Three Famous Parking Scams
If necessity is the mother of invention, then desperation might be the mother of devious creativity. As many people continue to struggle economically, I've been receiving a lot of email about erroneous tickets. This is indicating to me that either the rate of drinking on the job for DPT officers has skyrocketed, or three old school parking scams have reared their heads once again in our fair city and across the nation.
The first scam involves parking in a lot, usually in the evening. You circle a few times, can't find any open spots, see a lot with open spaces and decide to cave in and pay the $12. The parking attendant with his bright red jacket greets you with a smile, and is as friendly as can be. He asks how long will you folks be staying, recommends a place for a drink, may even offer you a discount because you look like such a nice group of people. You give him the $12, and are on your merry way. You think, "What a friendly attendant he was. That's why I love this city so much." Everyone is happy.
What's the scam? Everyone is happy, especially the attendant, because he is not an employee of the parking lot. The lot is closed after hours and he has hired himself to be the after hours attendant.
How to avoid this scam? Take your time to read the signs at the lot. And if you see a sign that says, "Do not give money to this man," and the person pictured is a dead ringer for the attendant, heed the warning.
This one is a little more elaborate and probably runs the risk of more jail time than does impersonating a parking attendant. Here's how it works. You are walking to your vehicle. From a distance you see that familiar white shape on your windshield. The denial begins, "Maybe I left some papers on my dashboard. Maybe it's a flyer for an event. No way. Is it?....damn it is. A ticket." You are in such an emotional upheaval at this point, that you make the perfect victim to fall for this scam. You get home. Leave the ticket on the table to slowly get buried by bills and other layers of the denial pile. A couple of weeks after your wounds have healed, you realize that you better pay the ticket or else there will be hefty penalty fees. "I better do it now." So you find the ticket, go to the web address at the bottom and pay it. "Okay, it's over. And I'm never going to get a parking ticket again. I will try harder."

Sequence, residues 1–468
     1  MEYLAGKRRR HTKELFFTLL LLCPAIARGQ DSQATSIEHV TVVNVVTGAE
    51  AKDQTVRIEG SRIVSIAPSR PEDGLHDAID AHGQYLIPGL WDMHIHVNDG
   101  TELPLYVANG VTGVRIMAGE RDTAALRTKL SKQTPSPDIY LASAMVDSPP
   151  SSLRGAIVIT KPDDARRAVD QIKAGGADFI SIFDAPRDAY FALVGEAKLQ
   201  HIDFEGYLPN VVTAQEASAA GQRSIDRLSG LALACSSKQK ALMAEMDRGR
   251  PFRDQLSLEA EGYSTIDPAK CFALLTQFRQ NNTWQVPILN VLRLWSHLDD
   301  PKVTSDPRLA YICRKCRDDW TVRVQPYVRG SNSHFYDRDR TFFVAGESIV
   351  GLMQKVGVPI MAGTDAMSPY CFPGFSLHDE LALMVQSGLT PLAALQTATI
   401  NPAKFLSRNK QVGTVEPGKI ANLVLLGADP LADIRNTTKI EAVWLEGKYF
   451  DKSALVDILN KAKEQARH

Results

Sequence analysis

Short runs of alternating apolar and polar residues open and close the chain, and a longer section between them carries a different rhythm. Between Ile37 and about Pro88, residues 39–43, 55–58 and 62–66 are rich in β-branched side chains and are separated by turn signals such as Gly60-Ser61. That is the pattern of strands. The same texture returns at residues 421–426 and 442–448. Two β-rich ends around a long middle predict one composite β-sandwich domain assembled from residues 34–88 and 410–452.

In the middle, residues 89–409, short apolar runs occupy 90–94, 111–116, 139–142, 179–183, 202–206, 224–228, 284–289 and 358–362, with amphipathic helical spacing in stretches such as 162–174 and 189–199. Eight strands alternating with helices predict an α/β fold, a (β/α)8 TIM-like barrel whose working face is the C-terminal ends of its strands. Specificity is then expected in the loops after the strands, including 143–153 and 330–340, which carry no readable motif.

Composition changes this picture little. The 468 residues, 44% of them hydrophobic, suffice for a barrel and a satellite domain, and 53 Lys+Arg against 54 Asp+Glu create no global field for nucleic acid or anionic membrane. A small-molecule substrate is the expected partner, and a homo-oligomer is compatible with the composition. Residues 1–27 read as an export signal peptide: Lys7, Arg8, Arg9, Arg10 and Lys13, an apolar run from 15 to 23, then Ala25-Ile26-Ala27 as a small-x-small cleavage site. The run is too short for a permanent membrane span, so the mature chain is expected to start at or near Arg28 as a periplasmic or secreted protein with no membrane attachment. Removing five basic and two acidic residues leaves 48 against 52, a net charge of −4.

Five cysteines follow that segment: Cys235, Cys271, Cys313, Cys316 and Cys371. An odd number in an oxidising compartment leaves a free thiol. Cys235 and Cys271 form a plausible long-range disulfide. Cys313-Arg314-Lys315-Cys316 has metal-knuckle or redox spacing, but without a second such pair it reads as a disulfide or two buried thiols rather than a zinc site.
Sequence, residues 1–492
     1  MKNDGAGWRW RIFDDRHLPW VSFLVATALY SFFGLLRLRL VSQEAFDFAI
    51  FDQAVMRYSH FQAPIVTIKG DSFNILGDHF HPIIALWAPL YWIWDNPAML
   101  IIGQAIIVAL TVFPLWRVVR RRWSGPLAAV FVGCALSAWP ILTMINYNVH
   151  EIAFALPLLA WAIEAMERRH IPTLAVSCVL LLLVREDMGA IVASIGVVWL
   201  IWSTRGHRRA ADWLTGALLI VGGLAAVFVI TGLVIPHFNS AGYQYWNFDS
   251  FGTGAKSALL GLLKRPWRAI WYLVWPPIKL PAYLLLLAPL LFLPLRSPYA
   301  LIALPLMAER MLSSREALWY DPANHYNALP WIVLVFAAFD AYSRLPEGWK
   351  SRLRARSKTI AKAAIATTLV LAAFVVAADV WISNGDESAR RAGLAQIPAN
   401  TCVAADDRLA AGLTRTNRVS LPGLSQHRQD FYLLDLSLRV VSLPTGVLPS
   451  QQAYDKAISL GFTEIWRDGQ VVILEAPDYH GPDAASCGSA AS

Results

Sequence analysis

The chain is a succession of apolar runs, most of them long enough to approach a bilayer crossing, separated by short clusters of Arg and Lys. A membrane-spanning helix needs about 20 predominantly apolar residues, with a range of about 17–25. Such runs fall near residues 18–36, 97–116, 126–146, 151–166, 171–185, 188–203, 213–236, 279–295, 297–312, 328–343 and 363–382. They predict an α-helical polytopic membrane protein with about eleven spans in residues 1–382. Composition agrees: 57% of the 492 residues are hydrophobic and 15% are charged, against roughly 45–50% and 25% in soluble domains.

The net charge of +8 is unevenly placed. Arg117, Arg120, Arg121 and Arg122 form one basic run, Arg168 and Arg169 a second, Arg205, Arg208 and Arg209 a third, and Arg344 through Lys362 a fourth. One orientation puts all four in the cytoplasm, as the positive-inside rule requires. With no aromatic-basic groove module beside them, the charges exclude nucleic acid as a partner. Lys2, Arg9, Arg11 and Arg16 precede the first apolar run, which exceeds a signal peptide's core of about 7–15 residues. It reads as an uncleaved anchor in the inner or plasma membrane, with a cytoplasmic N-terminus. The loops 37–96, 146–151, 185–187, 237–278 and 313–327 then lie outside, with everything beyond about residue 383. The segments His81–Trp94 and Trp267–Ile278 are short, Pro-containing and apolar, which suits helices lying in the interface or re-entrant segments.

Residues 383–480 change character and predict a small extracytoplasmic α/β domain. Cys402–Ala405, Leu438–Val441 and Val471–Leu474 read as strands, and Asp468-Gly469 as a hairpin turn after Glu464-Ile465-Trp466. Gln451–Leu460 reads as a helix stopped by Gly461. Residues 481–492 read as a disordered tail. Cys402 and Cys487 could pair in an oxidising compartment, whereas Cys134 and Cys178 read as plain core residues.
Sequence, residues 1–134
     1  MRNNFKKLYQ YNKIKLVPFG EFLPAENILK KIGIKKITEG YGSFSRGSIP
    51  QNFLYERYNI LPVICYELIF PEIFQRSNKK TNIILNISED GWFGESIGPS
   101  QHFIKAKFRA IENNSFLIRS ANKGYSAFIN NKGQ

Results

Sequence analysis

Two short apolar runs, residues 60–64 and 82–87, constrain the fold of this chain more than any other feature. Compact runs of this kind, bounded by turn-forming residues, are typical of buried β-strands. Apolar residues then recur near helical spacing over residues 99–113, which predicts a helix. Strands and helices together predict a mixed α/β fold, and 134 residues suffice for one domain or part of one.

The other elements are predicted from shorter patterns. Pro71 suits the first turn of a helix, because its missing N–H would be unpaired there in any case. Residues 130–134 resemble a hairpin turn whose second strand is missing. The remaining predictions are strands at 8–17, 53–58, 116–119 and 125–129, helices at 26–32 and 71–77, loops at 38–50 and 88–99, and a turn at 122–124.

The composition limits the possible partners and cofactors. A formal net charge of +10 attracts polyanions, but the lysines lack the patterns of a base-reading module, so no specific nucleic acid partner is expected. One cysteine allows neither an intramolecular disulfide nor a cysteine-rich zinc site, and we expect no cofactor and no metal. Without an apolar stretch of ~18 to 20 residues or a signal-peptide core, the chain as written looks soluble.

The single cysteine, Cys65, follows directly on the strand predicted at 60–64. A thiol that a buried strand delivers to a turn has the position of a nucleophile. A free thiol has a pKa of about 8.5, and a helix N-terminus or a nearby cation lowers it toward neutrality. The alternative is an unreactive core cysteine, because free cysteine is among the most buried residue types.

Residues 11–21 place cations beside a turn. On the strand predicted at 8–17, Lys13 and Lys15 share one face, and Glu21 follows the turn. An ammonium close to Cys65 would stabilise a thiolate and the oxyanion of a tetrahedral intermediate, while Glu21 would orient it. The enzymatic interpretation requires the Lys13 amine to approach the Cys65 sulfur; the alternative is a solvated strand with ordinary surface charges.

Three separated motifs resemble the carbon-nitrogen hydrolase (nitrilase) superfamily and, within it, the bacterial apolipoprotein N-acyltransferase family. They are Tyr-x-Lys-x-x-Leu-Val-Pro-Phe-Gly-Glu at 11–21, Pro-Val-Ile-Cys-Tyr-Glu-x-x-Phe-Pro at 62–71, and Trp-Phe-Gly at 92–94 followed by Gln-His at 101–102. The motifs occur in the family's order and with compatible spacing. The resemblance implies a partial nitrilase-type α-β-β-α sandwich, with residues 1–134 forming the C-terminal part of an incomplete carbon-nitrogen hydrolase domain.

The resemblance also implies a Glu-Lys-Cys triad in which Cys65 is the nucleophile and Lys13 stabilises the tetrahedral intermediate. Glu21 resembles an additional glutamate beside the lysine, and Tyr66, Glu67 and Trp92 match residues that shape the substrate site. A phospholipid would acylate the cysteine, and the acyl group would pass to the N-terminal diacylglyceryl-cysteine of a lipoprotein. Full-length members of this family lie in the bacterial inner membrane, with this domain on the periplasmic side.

What's the scam? Anyone? Your ticket was not a real ticket. It was a bogus ticket made by a very crafty bunch of thieves. It looks like an official ticket, it smells like an official ticket, it even easily accepts your $65 online and thanks you like a paid official ticket. But, it isn't. You have just deposited some of your hard earned cash into somebody's offshore bank account, as they sip tequila on the beach.
How can you avoid being a victim of this scam? Easy. The only website where you can pay your citation to the city of San Francisco is at www.SFMTA.com or www.services.sfgov.org. The official mail-in address for SF parking citations is P.O. Box 7718, San Francisco 94120-7718, the official pay by phone numbers are 415-701-3099 or 800-531-7357, and the official contesting address is 11 South Van Ness. Any other address, website, or phone number is bogus.
You get to your car, see the ticket envelope combo on the windshield, take it off without looking at it, begin cursing under your breath, send a grumpy text to your loved one about their lack of domestic participation or some other small thing, and your previously sunny disposition has become cloudy. You pay the ticket when you get home, then apologize to everyone you were grumpy with earlier.
What's the scam? Well, you just paid a fellow driver's ticket for them. What? How? This one is less elaborate, takes just a little bit of effort, a healthy amount of denial, a dash of projection, and is performed by people with above average anti-authoritarian issues who lack a rational sense of responsibility for their own actions. Here's how it works: Let's say somebody has a blue Toyota. They get a ticket. They take the ticket, drive around for a few blocks until they see your blue Toyota. They put their ticket on the windshield of your car, you pay it, and voila!, you've been scammed.
How to avoid this scam: Know your license plate number. If your plate number is not on the ticket, then it is not yours. Most people will receive a notice by mail that they have received a ticket. You will not get this notice because you didn't get a ticket. If you ever have a question about whether or not it was your ticket for your car, call the number on the back of your ticket and check the citation number. Tickets are in the system within a couple of days.
So there you have it. The ABCs of how to keep your cash in your pocket. For more parking tips, tricks and secrets, click on http://www.findingthesweetspot.com